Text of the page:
For weeks now, defense lawyers and the recently convicted have been grinning like Cheshire cats. The highest federal court in New York recently took on the law of insider trading and dropped U.S. v. Newman into the lap of Wall Street, gift-wrapped and all, prompting a former hedge-fund trader to conclude, somewhat gleefully, that "the less you know about the source of the information, the better." Make no mistake, the Newman decision was a huge loss for the government but not as bad as most folks think.
For the last half-decade, criminal prosecutors have won almost every insider trading case brought in Manhattan – an impressive record for sure, but not so surprising. Insider trading prosecutions have been the government's most powerful weapon in its effort to curtail securities crimes, but there never has been an express legislative edict from Congress prohibiting insider trading. So doing what they do, courts have followed the lead of prosecutors and regulators and simply have constructed a loose, ill-defined insider-trading paradigm. Then came Newman.
Sharpening the definition of insider trading, the U.S. Court of Appeals for the Second Circuit ruled in Newman that, in order to demonstrate insider trading, the prosecution must prove that the tipper received an objective, consequential and pecuniary personal benefit, and that the tipee knew of the tipper's benefit. In the following weeks, in U.S. v. Conradt, the U.S. Attorney for the Southern District of New York endeavored to limit the scope and impact of Newman to certain types of insider-trading cases but not others. Ultimately, construing Newman broadly, the court in Conradt refused to engage in a judicial juggling act and dismissed the charges, leaving the prosecutors with nothing but their appeal rights.
To be sure, the court in Newman has turned insider-trading law on its head, making it exceedingly difficult for the government to demonstrate criminal insider trading in many circumstances. In the last two months alone, seven high-profile insider trading cases have been dismissed or simply dropped by prosecutors in Manhattan, including Newman and Conradt. The common wisdom among some in the hedge fund community is that remote tippees and others that wrongfully disclose or trade on confidential information now do so without consequence and, to some extent, have a 'get out of jail free' card. However, that view is wrong or at least incomplete, and investment funds and their managers should not break out the bubbly quite yet, for multiple reasons.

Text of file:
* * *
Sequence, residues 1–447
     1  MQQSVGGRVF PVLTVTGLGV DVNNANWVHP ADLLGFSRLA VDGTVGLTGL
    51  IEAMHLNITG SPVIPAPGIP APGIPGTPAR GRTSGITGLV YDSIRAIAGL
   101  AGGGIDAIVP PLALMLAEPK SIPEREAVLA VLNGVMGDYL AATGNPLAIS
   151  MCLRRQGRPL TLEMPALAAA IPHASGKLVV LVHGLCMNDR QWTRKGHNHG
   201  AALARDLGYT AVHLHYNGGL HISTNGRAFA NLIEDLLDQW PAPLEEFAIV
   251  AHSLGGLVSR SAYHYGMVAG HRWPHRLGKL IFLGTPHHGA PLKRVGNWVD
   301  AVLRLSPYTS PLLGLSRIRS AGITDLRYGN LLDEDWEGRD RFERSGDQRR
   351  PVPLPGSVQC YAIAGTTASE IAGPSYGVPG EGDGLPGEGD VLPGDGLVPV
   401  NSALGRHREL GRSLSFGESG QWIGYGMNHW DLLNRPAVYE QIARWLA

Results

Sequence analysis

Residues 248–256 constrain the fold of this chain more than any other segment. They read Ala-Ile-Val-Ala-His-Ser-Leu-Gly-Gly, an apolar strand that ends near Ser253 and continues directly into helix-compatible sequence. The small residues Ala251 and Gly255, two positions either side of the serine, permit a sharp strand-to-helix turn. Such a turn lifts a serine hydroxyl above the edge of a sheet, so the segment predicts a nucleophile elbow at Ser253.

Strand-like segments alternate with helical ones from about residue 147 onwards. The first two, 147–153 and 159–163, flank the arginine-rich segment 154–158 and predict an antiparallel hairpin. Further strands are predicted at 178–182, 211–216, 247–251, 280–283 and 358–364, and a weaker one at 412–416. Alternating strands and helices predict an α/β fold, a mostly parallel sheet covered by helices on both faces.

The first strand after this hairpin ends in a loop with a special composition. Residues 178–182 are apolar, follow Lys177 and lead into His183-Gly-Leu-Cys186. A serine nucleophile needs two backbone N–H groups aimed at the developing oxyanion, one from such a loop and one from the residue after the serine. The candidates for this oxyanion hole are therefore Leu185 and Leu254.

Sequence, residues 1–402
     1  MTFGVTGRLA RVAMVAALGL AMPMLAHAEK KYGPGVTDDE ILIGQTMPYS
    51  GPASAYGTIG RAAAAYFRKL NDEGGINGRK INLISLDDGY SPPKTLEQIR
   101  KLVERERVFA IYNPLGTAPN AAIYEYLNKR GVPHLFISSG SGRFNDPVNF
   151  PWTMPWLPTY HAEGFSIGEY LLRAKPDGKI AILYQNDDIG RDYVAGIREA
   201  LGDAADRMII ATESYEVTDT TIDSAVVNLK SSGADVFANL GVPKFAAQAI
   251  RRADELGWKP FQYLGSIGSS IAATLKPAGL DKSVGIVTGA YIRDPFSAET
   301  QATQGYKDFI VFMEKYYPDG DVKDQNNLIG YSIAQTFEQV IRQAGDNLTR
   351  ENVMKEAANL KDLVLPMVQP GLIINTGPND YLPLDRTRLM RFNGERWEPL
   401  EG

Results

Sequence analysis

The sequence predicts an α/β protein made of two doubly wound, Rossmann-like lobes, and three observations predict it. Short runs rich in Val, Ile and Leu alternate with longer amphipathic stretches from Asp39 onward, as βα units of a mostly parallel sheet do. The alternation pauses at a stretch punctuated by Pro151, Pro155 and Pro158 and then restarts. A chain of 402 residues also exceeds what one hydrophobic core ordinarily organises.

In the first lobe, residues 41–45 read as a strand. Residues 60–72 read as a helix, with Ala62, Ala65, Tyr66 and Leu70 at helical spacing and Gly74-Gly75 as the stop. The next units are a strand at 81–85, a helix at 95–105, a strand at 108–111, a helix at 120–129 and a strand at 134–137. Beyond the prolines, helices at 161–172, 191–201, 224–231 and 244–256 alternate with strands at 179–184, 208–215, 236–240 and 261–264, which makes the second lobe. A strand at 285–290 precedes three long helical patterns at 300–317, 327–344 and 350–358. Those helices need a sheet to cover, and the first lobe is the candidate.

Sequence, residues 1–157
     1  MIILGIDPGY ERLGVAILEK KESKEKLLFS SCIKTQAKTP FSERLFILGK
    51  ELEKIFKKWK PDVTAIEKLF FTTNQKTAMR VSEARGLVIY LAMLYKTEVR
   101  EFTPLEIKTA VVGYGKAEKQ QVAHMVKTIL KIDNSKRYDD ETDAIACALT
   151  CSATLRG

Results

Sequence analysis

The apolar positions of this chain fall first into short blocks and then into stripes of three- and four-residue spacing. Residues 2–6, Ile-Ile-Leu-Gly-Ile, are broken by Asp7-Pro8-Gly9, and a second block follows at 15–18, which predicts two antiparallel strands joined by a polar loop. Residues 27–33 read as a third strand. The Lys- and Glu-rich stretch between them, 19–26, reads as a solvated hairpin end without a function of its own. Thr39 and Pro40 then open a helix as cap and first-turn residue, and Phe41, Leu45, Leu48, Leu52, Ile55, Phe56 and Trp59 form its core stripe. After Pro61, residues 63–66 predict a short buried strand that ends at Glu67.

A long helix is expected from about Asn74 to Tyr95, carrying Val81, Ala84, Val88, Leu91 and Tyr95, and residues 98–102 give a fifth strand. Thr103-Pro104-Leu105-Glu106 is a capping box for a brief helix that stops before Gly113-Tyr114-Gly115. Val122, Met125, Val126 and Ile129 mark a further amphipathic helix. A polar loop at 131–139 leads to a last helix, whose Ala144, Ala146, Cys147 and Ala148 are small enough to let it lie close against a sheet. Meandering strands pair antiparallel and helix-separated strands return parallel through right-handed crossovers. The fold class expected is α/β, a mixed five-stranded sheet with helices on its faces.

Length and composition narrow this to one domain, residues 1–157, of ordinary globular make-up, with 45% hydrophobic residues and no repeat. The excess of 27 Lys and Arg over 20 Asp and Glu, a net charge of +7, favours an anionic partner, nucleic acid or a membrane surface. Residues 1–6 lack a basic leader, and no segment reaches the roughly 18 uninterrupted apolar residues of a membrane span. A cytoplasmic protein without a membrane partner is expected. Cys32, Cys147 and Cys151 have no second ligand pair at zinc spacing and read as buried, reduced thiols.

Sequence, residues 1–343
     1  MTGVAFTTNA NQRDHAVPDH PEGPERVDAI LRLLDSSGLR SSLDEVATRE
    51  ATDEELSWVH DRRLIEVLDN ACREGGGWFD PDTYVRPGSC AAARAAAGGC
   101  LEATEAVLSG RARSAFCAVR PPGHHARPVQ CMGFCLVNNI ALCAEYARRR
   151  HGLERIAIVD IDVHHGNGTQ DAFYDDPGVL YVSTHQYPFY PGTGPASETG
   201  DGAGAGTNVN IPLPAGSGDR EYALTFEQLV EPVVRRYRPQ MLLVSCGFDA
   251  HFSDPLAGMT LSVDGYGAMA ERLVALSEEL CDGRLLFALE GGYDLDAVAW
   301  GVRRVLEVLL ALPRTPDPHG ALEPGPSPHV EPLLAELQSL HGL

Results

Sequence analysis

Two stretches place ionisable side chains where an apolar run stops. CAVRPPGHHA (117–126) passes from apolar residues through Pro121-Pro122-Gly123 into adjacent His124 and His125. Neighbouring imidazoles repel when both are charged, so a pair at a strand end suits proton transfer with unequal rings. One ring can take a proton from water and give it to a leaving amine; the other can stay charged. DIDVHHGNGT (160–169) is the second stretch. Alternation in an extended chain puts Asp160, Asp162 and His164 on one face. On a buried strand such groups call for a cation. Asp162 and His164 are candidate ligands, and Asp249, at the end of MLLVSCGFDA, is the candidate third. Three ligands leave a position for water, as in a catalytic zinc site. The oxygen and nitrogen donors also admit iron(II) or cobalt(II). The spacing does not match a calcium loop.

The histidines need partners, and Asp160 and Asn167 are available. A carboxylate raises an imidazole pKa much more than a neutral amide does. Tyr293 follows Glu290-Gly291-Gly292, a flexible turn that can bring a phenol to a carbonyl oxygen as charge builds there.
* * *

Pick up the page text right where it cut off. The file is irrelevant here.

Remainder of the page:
First, the government recently filed a petition in the Second Circuit seeking a rehearing of the Newman case, both before the three-judge panel that issued the original decision and before the full court, all legal heavyweights. In the event the Second Circuit, especially the full panel, re-reviews the case, all bets are off and Newman is in play again.
Second, if the government's appeals are unsuccessful, prosecutors eventually are going to figure out that Newman is the law of the land in only New York, Connecticut and Vermont. The U.S. Attorney's Office undoubtedly will bend over backwards to find a jurisdictional nexus between the next insider trading defendant and one of 47 other states, and its battery of lawyers, bathing suits in tow, likely will start bringing criminal actions somewhere warmer.
Third, Newman and its import are inapplicable where the tipped information relates to pending tender offers or foreign securities. Investment funds often deal with both.
Fourth, Newman does not prohibit prosecutors from bringing criminal and civil enforcement actions against hedge fund personnel if the individuals deliberately avoided learning the truth about the inside information and the personal benefit to the tipper. It may not be long before government lawyers and regulators more frequently pursue these "conscious avoidance" actions, arguing that remote tipees could have known, would have known, and should have known of the tipper's personal benefit had the tipees not buried their heads in the sand.
Fifth, there is always the very remote possibility that the legislature will step in and eliminate the personal benefit element of insider trading. While it is doubtful that the Securities and Exchange Commission would want hard and fast rules governing insider trading, anything is possible.
In the end, investment funds want to manage their risk and keep their investors, and investors want stable and profitable funds, run by honest managers. Most managers are nothing if not honest, so they probably do not care much about Newman, which benefits defendants a lot more than investment firms trading responsibly in the securities markets. For those hedge fund folks that cross the line, though, the government probably has not yet played its last card. And some people may not be grinning for long.